Farm to School

by Shannon Rae Gentry
Wednesday, April 17, 2013


Staff photos by Allison Potter 

Pat Shaw, from left, Sarah Thornton and Chelsie Buffington prepare a raised bed at Rachel Freeman Elementary School on Thursday, April 11.



When Rochelle McKinley picked up her third-grade son Tavon from school last Thursday, April 11, she admitted that she wasn’t thrilled that he wanted to go back to get dirty in a garden.

“But I just saw the look in his face and he really wanted to go. So, I made a U-turn to come back and ever since then his eyes have sparkled and he’s so focused on what he’s doing,” McKinley said.

In addition to teachers, staff, parents and community volunteers, 30 or more students like Tavon at Rachel Freeman Elementary School literally helped break ground on a newly designed school garden.

Tavon said that he had a lot fun planting the vegetables and fruits that he likes to eat, which is something he never had done before. His gardening tasks included raking dirt and layering sand upon newspapers.

“I’ve learned how to set [the plants], smooth it out and do the steps before you even start,” he said. “I had to learn about vegetables and stuff before I even started to doing this.” 

Tavon and his class members are a part of Feast Down East’s “Farm-to-School” programs, partnered with FoodCorps, a national nonprofit targeting classes in healthy childhood nutrition through hands-on food education and improving access to fresh produce in school cafeterias.

Casey Hancock has been a FoodCorps service member at four area elementary schools, including Freeman, since August 2012. She said that the purpose of the garden build was to expand the garden and revitalize some of the raised beds that have been there for a number of years.

“It’s kind of gone through the turmoil of teachers coming and going, or being interested in the garden, but no one really continually taking care of it,” she said.

Hancock said that her main goal in the classroom is to instruct within third grade standards about topics such as soil composition, parts of the plant and the plant lifecycle, as well as nutrition standards.

“Everything connects really beautifully when you have a school garden, because you can teach classes out here in all sorts of subjects, like math, because they’re learning about area and perimeter and they can measure the garden beds,” she said.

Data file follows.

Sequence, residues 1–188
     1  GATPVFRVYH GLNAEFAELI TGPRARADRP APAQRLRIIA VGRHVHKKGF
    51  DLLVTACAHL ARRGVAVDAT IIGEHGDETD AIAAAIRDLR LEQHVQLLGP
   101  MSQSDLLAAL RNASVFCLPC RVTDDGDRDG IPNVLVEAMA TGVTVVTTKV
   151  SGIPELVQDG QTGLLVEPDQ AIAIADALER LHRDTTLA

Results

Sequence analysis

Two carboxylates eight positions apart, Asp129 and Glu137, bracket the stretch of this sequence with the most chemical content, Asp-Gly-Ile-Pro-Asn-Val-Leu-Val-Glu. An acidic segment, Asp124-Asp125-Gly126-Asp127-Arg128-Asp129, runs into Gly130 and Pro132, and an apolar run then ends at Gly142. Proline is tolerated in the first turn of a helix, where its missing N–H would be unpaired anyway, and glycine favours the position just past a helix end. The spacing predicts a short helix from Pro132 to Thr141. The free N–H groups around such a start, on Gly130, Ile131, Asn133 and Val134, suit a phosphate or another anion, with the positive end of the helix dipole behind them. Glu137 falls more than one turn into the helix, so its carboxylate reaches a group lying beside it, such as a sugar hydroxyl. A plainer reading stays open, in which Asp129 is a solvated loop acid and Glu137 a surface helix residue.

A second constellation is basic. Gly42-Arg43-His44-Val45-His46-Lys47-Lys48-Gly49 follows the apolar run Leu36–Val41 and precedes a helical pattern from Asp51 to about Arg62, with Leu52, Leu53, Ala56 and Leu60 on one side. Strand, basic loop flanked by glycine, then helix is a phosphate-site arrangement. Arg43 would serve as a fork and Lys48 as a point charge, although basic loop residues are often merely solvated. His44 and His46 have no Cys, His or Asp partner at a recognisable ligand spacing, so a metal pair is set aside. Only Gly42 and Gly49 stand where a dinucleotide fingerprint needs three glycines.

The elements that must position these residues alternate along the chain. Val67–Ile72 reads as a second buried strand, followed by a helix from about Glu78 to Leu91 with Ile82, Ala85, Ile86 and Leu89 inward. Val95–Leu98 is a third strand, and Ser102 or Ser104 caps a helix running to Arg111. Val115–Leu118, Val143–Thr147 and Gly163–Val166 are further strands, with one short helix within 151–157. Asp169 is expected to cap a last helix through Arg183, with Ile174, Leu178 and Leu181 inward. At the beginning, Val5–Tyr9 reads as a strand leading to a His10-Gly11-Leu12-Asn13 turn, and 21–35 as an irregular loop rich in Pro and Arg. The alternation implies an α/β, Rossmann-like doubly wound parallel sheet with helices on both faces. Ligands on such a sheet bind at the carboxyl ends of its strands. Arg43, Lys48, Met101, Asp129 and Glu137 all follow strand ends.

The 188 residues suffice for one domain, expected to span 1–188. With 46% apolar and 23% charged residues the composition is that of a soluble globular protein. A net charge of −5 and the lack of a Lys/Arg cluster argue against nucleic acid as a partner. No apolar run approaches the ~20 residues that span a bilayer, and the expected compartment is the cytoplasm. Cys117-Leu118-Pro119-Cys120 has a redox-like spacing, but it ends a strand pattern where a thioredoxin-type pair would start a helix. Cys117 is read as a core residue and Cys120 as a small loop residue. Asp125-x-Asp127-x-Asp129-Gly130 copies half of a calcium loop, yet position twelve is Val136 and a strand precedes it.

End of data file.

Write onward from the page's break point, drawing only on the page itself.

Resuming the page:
Each third grade class will have its own raised bed in Freeman’s garden, which will also feature an herb spiral with seasonal herbs and keyhole gardens with collards, cabbages, tomatoes and more.

“It’s all so interconnected … if one of the main allies isn’t there then the pieces don’t connect as well,” Hancock said.

“We need child nutrition staff on board, school administration, teachers, parents and students, and I’m also really proud of the community volunteer base that we’ve built this year,” she said.

Jane Steigerwald, director of Feast Down East, said during last week’s event the purpose was to build strong Farm-to-School programs with each of the area elementary schools. 

“A big part of building a local food system is to involve the students and young people [and] becoming interested in agriculture and buying local, fresh foods,” Steigerwald said.

The three-tiered program is incorporated into the North Carolina third grade curriculum, using the school garden to enhance the learning experience, as well as working with child nutrition staff to bring more fresh, local produce into the school lunches.

“We can’t serve [the garden vegetables] in the cafeteria, because they have strict requirements on food safety, however, we can use it in the classroom as a teaching tool,” Steigerwald said.

Farmers must be certified in Good Agriculture Practices (GAP) in order to provide food for the schools, and Steigerwald said that the program has two farmers who meet those requirements.

While the cafeteria coordinates its menu with what’s being grown in the garden, Steigerwald said that it would also buy from small, local farmers, who will then visit the classes as well.

So far the program has built a garden at Supply Elementary School in Brunswick County, Snipes Academy in New Hanover and the Hillcrest Community afterschool program at the University of North Carolina Wilmington.

“Next year we plan to go to two more elementary schools in each county … but the most important criteria is that they are high-needs schools,” Steigerwald said.

At the end of the day, Tavon’s mother said that she would definitely continue to make time for her son’s new extracurricular activity. 

“I look at it this way: if I can bring him to sports afterschool, I can fit this in,” McKinley said.

The next school garden ground-breaking will be at Brunswick County’s Lincoln Elementary School on Earth Day, Saturday, April 20 from 10 a.m. to 2 p.m.

For more on Farm-to-School programs and events, visit www.feastdowneast.org

email shannon@luminanews.com


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